convert Phong shading to Gouraud shading

vec4 light_ambient= vec4(0.2, 0.2, 0.2, 1.);
	vec4 light_diffuse= vec4(1., 1., 1., 1.);
	vec4 light_specular= vec4 (1., 1., 1., 1.);

	vec4 material_ambient = vec4(.3, .6, .3, 1.);
	vec4 material_diffuse = vec4(0.3, .6, 0.3, 1.);
	vec4 material_specular = vec4(1., 1., 1., 1.);
	float Shininess = 100.0;

    vec4 AmbientProduct = light_ambient * material_ambient;
    vec4 DiffuseProduct = light_diffuse * material_diffuse;
    vec4 SpecularProduct = light_specular * material_specular;

   vec3 N = normalize (fN);
   vec3 E = normalize (fE);
   vec3 L = normalize (fL);

   vec3 H = normalize(L + E);

	// Compute terms in the illumination equation
    vec4 ambient = AmbientProduct;
    float Kd = max(dot(L, N), 0.0);
    vec4  diffuse = Kd*DiffuseProduct;
    float Ks = pow(max(dot(N, H), 0.0), Shininess);
    vec4  specular = Ks * SpecularProduct;
    if(dot(L, N) < 0.0) 
        specular = vec4(0.0, 0.0, 0.0, 1.0);

    vec4 ambient = AmbientProduct;
    vec4 diffuse = DiffuseProduct;
    vec4 specular = SpecularProduct;

    gl_FragColor = ambient + diffuse + specular;
    gl_FragColor.a = 1.0;

I know both shading method have to determine the normal at each vertex. But, the linear interpolation and illumination orders are different. As you can see, this is the phong shading. I did not get the part after calculating normal. How does it do the linear interpolation and illunimation? I stuck on this for a long time. If I want to change it to Gouraud shading, what should I change?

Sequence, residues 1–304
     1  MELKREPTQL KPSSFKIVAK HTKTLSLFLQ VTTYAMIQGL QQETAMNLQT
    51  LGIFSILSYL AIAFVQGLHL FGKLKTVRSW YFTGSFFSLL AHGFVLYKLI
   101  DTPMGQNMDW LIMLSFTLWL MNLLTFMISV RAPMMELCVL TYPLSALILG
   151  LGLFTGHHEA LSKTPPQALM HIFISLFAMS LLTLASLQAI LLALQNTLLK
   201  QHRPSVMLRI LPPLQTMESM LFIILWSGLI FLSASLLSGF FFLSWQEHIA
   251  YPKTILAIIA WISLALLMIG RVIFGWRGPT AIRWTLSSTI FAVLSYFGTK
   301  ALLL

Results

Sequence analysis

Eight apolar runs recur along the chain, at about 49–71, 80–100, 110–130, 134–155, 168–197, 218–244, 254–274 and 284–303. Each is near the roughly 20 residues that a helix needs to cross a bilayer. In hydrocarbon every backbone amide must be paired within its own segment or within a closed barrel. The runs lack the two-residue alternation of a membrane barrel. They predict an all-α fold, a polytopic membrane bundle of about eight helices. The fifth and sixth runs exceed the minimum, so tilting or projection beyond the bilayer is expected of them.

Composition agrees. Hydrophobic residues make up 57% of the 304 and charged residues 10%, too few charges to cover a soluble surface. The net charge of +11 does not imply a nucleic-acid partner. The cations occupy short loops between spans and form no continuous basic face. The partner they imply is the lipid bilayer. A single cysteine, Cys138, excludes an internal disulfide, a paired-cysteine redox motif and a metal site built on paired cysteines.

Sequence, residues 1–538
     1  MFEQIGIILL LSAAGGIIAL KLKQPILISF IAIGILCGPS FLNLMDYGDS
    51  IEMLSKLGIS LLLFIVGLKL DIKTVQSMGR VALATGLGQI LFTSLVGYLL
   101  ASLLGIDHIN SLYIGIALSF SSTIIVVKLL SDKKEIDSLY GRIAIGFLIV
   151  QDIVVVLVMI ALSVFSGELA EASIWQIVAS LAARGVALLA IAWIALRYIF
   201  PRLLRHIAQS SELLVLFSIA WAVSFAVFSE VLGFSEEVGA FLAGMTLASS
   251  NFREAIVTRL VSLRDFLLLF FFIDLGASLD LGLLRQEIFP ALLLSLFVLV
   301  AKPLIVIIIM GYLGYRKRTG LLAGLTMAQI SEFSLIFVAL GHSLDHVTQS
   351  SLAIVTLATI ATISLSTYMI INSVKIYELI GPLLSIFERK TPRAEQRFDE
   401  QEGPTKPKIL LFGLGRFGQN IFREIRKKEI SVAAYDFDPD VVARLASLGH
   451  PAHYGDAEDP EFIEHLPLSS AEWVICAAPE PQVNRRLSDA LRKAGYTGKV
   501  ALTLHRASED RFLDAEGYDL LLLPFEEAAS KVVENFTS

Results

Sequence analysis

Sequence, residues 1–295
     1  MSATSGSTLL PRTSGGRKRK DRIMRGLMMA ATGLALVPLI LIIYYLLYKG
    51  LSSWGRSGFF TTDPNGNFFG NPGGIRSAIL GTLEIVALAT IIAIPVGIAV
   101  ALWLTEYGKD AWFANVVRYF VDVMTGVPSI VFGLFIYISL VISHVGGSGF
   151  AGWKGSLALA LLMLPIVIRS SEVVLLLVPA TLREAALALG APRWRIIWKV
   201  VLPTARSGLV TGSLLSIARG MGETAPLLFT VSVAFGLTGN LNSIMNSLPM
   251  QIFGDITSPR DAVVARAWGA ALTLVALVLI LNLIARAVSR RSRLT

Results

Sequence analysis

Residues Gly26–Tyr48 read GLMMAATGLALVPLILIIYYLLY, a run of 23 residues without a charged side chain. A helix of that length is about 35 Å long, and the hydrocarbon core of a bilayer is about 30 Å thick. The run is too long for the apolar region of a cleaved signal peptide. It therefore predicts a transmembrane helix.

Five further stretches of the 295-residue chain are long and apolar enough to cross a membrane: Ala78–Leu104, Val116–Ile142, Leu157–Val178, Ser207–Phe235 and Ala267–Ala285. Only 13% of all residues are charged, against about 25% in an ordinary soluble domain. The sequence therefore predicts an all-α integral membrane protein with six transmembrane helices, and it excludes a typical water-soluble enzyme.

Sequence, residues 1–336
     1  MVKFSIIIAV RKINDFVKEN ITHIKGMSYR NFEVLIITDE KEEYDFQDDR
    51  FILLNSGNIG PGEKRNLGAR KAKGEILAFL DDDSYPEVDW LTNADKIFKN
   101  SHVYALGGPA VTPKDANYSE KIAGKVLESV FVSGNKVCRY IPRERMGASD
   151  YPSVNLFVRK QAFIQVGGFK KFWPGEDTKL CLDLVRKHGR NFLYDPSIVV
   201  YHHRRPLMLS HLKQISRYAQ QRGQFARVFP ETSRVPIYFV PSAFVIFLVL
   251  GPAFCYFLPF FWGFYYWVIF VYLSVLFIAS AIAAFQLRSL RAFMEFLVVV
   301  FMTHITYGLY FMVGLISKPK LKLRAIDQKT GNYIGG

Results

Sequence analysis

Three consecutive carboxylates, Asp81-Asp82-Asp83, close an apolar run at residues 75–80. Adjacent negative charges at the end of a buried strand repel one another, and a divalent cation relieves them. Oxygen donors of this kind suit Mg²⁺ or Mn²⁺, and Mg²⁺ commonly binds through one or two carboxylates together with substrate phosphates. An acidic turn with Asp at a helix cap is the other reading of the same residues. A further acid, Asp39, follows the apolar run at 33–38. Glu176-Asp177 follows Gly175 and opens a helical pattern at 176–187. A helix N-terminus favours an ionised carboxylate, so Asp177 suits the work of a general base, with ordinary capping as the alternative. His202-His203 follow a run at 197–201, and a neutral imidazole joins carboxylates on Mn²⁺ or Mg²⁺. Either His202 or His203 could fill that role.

It doesn’t “calculate” the normal. The normal is passed in from the vertex shader, and interpolated just like any per-vertex value passed from the vertex shader. These values are linearly interpolated in accord with the various interpolation qualifiers used on the input variables in the fragment shader.

Normals are usually part of the mesh’s data, just like positions, texture coordinates, colors, etc.

Illumination (aka: lighting)… is what this code does. It explicitly spells out exactly how it does it. Or at least it did until you commented out the actual lighting part of the lighting equation.

You move the code from the fragment shader to the vertex shader. That is basically the only difference between Gouraud shading and Phong shading.

Well, if you want to apply textures, you probably don’t want to have the material color multiplied into the lighting parameters. So you’d remove the “*Product” variables and compute the rest without the colors, then pass those three values to the fragment shader.